Monday


Our first morning in Japantown dawned delightfully stormy and moody, though the rain was rather of the torrential variety, and we quickly ducked inside Japantown's indoor plaza for shelter. We have still to get used to the fact that "QQ hours" are not the same as business hours, and nearly all of the stores were still locked and shuttered. The morning cafes and bakeries, however, were already beginning to bustle with early customers, and let me tell you that the bakeries in Japantown are nothing to be sneezed at! We found a little watergarden cafe where M. ordered an omelet (QQ pursed her lips and refused to try it). But the real draw was on the side of the cafe where a little takeout window with a painted sign advertised "Taiyaki" - a sort of moulded fish-shaped cake filled with either red beans, banana, or bananas with melted chocolate.
We were instantly smitten, and spent a half hour or so watching the little cakes being poured, browned and trimmed.
I have to tell you, I am a sucker for both Japanese design and Japanese cooking. I mean, if you're going to make a pancake, is there any reason why it shouldn't be this beautiful to look at?
In the end, we ordered a chocolate and banana taiyaki.
Unwrapping our culinary delight. One of my favorite things about the Japanese aesthetic is that, put simply, the journey is the destination. Unwrapping something as beautifully crafted as this is half the pleasure. Whether it's the slow, methodical ritual of the Japanese bath, the tea ceremony, or the elaborate preparation of a simple dish, the craftsmanship, the artifice, the presentation make the experience. It is truly breathtaking, and gets me at the core every time.
The taiyaki were so pretty and so perfectly prepared that I had a hard time taking the first bite. As you can see by QQ's expression, she was resistant even to the idea. But I tell you what, I have a feeling that we'll end up with a taiyaki maker at home...and one day when QQ's tastes have expanded beyond cheese puffs, she'll be glad of the introduction!
One little girl, done with breakfast and ready for the next adventure.
Most of the stores were still closed after our leisurely meal, but even window shopping is a pleasure in this environment. Everything the Japanese design is pleasing to the eye.
Q was mesmerized with these little bobblehead toys which nod their heads in a meditative rhythm thanks to a tiny solar panel embedded in the base. I have one in my studio which M. got me last year on my birthday - mine is a monkey, and as it dances it also infuses the air with a delicious scent of lemon blossoms...delightful, and so soothing to the senses!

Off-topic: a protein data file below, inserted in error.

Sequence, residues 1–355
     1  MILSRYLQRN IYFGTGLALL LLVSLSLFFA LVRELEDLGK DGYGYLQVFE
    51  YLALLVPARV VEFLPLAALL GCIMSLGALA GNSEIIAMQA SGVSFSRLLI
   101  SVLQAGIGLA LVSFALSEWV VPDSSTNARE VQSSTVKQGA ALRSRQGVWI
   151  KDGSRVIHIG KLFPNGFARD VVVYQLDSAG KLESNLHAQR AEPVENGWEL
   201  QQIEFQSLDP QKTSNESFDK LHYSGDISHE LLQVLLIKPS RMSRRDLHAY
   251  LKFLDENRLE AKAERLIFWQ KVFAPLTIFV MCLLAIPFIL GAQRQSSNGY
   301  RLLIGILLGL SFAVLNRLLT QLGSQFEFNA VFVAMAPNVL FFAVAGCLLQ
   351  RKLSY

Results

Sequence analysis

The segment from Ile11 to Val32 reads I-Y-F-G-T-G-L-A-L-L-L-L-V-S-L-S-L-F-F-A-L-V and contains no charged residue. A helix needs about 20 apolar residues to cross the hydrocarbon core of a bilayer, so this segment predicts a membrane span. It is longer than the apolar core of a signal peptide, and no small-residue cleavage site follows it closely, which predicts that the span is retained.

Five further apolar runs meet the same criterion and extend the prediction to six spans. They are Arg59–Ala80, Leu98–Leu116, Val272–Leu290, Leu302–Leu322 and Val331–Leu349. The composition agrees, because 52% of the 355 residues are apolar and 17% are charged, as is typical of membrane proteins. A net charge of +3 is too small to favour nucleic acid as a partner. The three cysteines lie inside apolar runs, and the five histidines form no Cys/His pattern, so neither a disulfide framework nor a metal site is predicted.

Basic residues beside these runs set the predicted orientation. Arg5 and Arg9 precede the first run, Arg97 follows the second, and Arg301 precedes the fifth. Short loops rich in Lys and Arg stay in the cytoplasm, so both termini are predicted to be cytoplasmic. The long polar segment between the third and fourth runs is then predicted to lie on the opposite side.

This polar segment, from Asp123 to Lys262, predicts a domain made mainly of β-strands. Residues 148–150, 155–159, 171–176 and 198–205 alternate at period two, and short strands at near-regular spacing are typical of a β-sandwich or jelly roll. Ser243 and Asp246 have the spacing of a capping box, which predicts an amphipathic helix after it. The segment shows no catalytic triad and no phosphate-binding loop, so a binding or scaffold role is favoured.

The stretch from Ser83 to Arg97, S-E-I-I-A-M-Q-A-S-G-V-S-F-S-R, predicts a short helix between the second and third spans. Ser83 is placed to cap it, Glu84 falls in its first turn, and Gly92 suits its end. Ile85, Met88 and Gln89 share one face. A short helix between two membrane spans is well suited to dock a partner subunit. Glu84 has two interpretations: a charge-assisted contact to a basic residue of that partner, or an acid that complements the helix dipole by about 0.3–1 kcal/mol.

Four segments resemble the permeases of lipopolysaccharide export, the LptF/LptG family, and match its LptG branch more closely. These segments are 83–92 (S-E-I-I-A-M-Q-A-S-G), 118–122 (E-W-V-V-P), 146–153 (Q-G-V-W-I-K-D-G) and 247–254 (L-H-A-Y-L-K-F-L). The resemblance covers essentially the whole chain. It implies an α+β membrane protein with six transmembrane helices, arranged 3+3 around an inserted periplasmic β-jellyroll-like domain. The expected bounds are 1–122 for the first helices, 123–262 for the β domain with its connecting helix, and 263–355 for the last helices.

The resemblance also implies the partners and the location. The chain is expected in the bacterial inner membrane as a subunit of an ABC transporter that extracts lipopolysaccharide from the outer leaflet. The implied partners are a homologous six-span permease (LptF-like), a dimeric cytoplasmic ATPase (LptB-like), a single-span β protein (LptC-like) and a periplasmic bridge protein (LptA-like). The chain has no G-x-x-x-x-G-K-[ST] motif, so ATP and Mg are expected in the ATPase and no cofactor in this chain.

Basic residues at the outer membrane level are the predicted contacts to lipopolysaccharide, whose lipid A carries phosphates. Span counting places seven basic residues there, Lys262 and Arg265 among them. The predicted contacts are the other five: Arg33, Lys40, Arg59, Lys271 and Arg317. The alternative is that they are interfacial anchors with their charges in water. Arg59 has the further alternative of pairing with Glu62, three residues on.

Just so pretty.
See what I'm talking about? These were from the windows of an enormous and comprehensive Japanese book and collectible emporium that headlines the Japantown shopping center. I was a goner the moment I glanced in at their displays through the glass, and, hard as I tried to feign indifference, my husband saw right through me. We were among the first customers in the door when they opened that morning.
I don't know what it is, but even the kawaii stuff just appeals to me on some very basic level.
Is it just me?
The kicker on these - the real genius of the concept - is that they come in "mystery boxes". Each set has a single box design, inside of which (like a high-end version of the prize inside the cereal box) is one of a dozen or so different models. Of course, you wind up wanting to collect them all. At about $6 a pop, they seem like an affordable indulgence....
There are sets of curious little dolls like the ones above (the pigs in costume are also strangely appealing), sets of kitchen items, sets of meals (see the lobster dinner with champagne on the table here), sets of traditional Japanese country foods, sets of home furnishings....
...but I knew I was lost when I came upon the sets of modernist designer chairs. This is my realm, my "fetish", and my downfall. I adore classic modern designer chairs. In design school, I longed to take the seminar on chair design (though I didn't have time, since I was attempting to cram an entire degree into two semesters...no mean feat). The names Bertoia, Eames and Le Corbusier strike my heart like a bell. In real life, I can't even come close to affording these chairs. I have a single knock-off Bertoia diamond chair which I use as my office chair, and even that was a splurge. Design Within Reach is sadly out of reach for my budget. So the sight of these tiny miniatures set me instantly lusting. I bought one that first morning, and went back for another one each day of our trip, waiting until we were back in the hotel room of an evening to open my "mystery box" and see which chair I had! Sigh. I did not collect all of them - that would have been a bit over-indulgent (and then what would I have to look forward to?) - just one for each day of the trip. But I did end up with some good ones...enough little boxes that I had to have my loot shipped home via UPS. Now I excitedly wait for the box to arrive so that I can unpack them for a second time and find a shelf for them!